|Advance Deposit Wager (ADW) is already a hit with gamblers in California, according to Andrew Gaughan, vice president of New Media initiative for licensee Magna. “'Business exceeded our expectations”, he is reported as saying in gambling magazine “It shows there's a real market demand in California for this service.' XpressBet (a subsidiary of Magna) signed up hundreds of accounts for race meetings at Magna-owned racetracks since the site opened last Saturday.|
John Harris, CHRB Commissioner, told OCN that ADW “should lead to increased total handle and higher purse levels which we need to do if we are to make racing horses a viable proposition.”
As to whether California can take back the business it has lost to out to overseas bookmakers, A spokesperson for the CHRB told OCN: “We do not believe that everyone will immediately cancel their accounts with offshore, illegal bookmakers, especially those services that offer large rebates, but we do believe that the security of the California system and the ease with which it will eventually operate will convince many bettors who have been using the illegal services to switch to the California system.”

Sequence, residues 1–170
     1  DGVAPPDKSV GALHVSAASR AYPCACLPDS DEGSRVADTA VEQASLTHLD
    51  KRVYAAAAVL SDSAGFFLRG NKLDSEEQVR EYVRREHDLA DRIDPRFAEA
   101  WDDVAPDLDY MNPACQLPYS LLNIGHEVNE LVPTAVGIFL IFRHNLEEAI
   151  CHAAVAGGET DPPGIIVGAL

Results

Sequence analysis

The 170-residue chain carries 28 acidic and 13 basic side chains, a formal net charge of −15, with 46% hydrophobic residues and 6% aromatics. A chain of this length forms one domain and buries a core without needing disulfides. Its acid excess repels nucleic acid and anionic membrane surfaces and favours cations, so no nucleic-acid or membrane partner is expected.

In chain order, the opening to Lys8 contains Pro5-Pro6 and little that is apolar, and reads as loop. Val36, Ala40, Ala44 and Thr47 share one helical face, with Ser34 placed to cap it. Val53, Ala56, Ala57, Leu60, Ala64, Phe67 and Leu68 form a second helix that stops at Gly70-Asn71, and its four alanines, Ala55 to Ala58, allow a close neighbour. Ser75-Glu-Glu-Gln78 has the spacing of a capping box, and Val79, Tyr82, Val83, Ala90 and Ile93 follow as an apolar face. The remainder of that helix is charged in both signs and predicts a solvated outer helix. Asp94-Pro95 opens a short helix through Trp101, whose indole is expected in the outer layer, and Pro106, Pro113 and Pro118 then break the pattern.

Not everybody is entirely happy in California’s racing industry however. Despite granting the licenses, California Horse Racing Board Chairman Alan Landsburg remains unconvinced that the new channels aren’t going to eat into the on-track take.
'We have to bring people to the races, not take them away. We'll end up with more people sitting in Las Vegas, watching our races, than at our tracks.'
Indeed, the Californian racing industry as a whole seems ambivalent as to the benefits of ‘phone and Internet betting: The Thoroughbred Owners of California (TOC) negotiated a revenue-protection clause in their contract with Magna, with the contract renegotiable after a year. The TOC does not yet have a contract with the other licensee, TVG.